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The Paradoxical Parent (A Nick Williams Mystery Book 13) Kindle Edition
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|Length: 292 pages||Word Wise: Enabled||Enhanced Typesetting: Enabled|
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“And, gee. Wow. I didn’t realize you were both real.”
Ack. Book 13 in a series, and it just gets more intense! This one is very emotional, something we should have anticipated in the previous book, when Nick finds sixteen letters written to his father by his mother—after she was supposed to have died. Trick is, Nick’s father never read those letters.
There are tears. And anxiety. And, strangely enough, more joy than one might have anticipated.
Nick and Carter head East, to rural New England, where neither have ever been. They’re on the trail of Alexandra Williams, Nick’s long lamented mother, who supposedly died back in 1929 when Nick and his sister were just children. We thought we knew what had happened, until these letters turned up.
Volume 13 of the adventures of Nick and Carter, and their band of unconventional men and women, seems broadly to be about the meaning of life—and death. There is some rather unpleasant death in it, although the mystery is about a death that happened in the past. It is a journey of discovery for Nick, and therefore also for Carter, because this highly-charged narrative always circles back to these two young men, who have become internationally known—and not necessarily in a good way—simply because they love each other.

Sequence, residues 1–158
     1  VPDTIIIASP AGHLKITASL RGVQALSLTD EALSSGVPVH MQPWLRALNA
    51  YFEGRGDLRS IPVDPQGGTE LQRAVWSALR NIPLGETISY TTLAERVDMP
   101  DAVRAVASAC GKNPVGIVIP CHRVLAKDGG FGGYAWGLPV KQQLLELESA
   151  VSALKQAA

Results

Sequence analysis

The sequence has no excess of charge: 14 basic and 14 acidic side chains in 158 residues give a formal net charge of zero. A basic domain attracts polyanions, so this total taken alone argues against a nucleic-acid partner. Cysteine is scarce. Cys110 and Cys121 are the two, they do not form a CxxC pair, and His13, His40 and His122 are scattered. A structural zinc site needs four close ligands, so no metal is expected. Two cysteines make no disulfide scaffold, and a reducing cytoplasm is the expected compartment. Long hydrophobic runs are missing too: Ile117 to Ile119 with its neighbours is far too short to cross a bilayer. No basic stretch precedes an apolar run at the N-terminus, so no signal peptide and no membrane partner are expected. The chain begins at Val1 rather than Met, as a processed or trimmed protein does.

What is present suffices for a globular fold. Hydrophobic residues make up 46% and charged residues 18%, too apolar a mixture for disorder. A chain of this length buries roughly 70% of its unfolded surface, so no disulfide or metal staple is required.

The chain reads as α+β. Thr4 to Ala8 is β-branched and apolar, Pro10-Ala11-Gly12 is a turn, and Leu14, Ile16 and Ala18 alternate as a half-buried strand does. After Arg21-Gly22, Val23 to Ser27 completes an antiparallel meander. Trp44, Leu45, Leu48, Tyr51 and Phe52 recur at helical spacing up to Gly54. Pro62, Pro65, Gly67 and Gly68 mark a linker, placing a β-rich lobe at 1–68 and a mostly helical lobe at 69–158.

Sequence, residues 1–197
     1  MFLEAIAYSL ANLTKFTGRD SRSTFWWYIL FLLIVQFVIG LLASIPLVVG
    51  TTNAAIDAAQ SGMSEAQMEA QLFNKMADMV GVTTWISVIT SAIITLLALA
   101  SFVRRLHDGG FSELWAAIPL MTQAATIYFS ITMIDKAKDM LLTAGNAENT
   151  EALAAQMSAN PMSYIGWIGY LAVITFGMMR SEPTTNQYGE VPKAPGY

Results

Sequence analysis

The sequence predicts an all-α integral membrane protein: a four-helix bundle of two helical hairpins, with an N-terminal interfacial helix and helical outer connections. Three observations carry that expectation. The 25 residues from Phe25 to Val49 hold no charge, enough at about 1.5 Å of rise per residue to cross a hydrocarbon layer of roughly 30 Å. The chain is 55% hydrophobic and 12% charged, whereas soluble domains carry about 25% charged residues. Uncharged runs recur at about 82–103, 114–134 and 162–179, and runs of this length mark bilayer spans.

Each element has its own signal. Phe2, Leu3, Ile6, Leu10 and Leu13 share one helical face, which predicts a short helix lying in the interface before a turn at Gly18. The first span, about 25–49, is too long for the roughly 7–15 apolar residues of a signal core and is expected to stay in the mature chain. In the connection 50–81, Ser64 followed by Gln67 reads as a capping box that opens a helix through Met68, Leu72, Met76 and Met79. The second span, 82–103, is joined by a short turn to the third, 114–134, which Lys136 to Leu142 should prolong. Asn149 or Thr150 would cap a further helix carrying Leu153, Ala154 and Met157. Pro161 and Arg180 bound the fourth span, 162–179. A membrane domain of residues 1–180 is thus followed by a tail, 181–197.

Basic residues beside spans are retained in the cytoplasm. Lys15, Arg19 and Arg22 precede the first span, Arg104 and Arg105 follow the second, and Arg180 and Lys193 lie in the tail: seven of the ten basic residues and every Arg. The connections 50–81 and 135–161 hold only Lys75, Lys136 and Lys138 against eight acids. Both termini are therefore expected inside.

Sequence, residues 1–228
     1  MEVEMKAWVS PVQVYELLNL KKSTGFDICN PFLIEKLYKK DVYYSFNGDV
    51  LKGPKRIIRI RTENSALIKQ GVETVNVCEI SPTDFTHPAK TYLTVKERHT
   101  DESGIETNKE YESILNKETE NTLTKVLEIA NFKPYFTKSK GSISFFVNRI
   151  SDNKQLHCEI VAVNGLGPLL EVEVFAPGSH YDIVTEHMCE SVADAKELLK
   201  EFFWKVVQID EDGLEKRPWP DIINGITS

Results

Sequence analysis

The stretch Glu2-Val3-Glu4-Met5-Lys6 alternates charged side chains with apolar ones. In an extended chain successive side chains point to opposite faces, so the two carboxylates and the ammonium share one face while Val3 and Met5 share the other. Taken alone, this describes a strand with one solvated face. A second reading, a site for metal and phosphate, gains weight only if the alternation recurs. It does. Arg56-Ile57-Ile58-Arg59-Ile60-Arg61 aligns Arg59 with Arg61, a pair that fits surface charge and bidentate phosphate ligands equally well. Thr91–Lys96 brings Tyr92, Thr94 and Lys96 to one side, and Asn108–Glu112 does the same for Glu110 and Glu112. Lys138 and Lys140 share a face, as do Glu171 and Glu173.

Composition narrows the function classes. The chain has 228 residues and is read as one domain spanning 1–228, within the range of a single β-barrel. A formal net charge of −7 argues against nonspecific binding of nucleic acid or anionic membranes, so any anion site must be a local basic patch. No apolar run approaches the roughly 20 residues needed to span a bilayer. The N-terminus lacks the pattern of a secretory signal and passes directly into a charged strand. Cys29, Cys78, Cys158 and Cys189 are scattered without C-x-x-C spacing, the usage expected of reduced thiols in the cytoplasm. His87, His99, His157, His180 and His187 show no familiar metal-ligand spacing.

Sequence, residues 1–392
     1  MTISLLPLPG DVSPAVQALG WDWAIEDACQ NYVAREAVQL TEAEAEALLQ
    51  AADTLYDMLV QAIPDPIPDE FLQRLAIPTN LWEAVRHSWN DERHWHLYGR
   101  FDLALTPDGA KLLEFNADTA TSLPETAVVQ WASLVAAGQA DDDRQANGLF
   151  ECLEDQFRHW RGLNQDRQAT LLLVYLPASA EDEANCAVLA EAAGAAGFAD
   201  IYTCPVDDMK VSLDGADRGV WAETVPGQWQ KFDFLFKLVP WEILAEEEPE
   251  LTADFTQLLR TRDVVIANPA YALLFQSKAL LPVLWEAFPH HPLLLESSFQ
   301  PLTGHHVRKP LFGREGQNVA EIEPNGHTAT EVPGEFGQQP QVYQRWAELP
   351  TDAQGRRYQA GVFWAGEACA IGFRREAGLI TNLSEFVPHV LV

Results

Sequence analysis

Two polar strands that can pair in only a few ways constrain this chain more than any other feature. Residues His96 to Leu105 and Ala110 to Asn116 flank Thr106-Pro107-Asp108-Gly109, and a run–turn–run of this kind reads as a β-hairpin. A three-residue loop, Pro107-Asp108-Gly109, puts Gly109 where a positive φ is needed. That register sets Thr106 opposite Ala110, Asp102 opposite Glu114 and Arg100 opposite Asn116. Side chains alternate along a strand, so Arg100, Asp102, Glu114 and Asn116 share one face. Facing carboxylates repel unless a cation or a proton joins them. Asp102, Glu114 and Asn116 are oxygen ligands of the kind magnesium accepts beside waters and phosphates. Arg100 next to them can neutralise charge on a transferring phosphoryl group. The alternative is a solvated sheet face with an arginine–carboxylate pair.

What is home? What is family? What is cruelty? What is generosity? These and other questions add the emotional spice that makes this book strikingly different from the dozen that have preceded it. The life we live is only partly decided by what other people do. Ultimately, our choices decide what our life will be. For a series of novels that purport to be all about hijinks in the fabulous fifties, there is an unexpected profundity in Frank Butterfield’s never-ending story.
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